A reminder of the Gold Rush (“Yellow Fever”) days, when Bendigo was a magic word. Originally called Sandhurst, it is generally believed that the change of name came about in a curious way. An employee on what was once Ravenswood Station, where settlement began, was always boasting about his boxing prowess. So the locals dubbed him “Bendigo”, by twist of the nickname by which a famous English prize-fighter of the day was known “Abednegoe” Thompson.
North Melbourne really began to develop in the Gold Rush days. It was an excellent locality at which, to complete preparations for the long hard trek to diggings. Storekeepers, blacksmiths and wheelwrights, hay and corn merchants, hotels quickly appeared.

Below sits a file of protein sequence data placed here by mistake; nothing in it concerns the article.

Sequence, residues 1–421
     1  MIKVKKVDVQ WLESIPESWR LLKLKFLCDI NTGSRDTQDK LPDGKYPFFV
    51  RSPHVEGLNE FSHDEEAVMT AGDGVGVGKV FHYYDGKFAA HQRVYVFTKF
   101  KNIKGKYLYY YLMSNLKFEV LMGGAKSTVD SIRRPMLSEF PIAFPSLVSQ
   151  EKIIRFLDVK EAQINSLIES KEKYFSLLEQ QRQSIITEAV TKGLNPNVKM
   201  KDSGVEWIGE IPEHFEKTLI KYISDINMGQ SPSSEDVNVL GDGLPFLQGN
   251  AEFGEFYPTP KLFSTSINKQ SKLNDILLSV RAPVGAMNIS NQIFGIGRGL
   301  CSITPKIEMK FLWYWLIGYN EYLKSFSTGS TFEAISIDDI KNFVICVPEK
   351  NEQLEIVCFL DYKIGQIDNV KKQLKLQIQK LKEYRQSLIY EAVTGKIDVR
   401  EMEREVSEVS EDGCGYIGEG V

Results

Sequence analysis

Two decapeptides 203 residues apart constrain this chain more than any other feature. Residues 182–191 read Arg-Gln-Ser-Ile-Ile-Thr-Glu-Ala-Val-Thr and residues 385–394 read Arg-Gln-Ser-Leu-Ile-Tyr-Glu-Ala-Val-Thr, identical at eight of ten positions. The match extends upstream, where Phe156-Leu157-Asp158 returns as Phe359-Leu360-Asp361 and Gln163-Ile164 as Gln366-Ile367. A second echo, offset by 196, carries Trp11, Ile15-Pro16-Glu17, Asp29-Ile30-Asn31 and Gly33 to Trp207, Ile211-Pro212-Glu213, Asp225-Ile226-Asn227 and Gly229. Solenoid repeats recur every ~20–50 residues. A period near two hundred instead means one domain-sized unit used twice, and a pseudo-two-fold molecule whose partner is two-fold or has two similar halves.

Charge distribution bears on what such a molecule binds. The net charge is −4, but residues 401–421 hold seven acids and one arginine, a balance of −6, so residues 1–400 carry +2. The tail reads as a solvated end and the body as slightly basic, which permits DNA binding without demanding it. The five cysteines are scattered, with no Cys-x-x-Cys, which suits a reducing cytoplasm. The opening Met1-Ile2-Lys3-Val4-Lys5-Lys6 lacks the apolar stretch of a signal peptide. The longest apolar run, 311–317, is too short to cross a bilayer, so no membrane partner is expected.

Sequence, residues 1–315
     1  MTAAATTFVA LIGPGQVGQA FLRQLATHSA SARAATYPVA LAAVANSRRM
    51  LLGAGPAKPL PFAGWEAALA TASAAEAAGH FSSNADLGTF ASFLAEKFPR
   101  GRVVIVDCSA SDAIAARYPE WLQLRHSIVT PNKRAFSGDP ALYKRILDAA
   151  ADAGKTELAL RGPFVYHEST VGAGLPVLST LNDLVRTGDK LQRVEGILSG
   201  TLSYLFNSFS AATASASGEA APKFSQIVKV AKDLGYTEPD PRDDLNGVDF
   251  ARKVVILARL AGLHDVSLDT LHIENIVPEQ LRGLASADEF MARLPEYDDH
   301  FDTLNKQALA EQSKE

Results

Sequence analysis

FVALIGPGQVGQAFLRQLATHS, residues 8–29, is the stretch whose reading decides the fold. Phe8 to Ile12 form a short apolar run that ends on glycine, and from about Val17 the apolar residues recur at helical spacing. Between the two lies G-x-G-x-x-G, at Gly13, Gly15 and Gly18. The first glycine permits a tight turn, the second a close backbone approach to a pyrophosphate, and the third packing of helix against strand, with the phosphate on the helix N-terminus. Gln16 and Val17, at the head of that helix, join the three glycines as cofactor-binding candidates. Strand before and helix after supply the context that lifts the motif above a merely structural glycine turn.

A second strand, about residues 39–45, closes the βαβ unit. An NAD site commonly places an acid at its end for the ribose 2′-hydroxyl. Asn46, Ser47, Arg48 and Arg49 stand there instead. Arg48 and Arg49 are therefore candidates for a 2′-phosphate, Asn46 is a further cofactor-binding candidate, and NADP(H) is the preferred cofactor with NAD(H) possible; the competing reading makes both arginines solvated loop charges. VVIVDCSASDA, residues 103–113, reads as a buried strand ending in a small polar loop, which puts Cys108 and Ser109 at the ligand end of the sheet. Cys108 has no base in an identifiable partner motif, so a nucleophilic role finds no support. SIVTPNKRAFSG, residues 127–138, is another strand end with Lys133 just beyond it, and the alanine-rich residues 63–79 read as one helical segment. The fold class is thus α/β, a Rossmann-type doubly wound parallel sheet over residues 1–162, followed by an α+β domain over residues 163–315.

Where Bendigo Street now runs was then open country — a good staging area and point of departure. As the various teams, fully equipped at last, tracked out to join the traffic streaming north down Errol Street, the common, cry was “here we go for Bendigo”.
Somewhere near that turning corner, the first house in North Melbourne-a four roomed wooden one I was, built by a Mr. Adams in October 1852. J. R. Mattingley rented it early the next month. Where it stood forms a portion of the ground now occupied by the old Imperial Picture Theatre.
Years later, when a survey was made of the formation of a street, the old track became Bendigo Street.(1)
Source. (1) Northern Advertiser 1972. Blanchard collection, “What’s in a Name” at North Melbourne Library.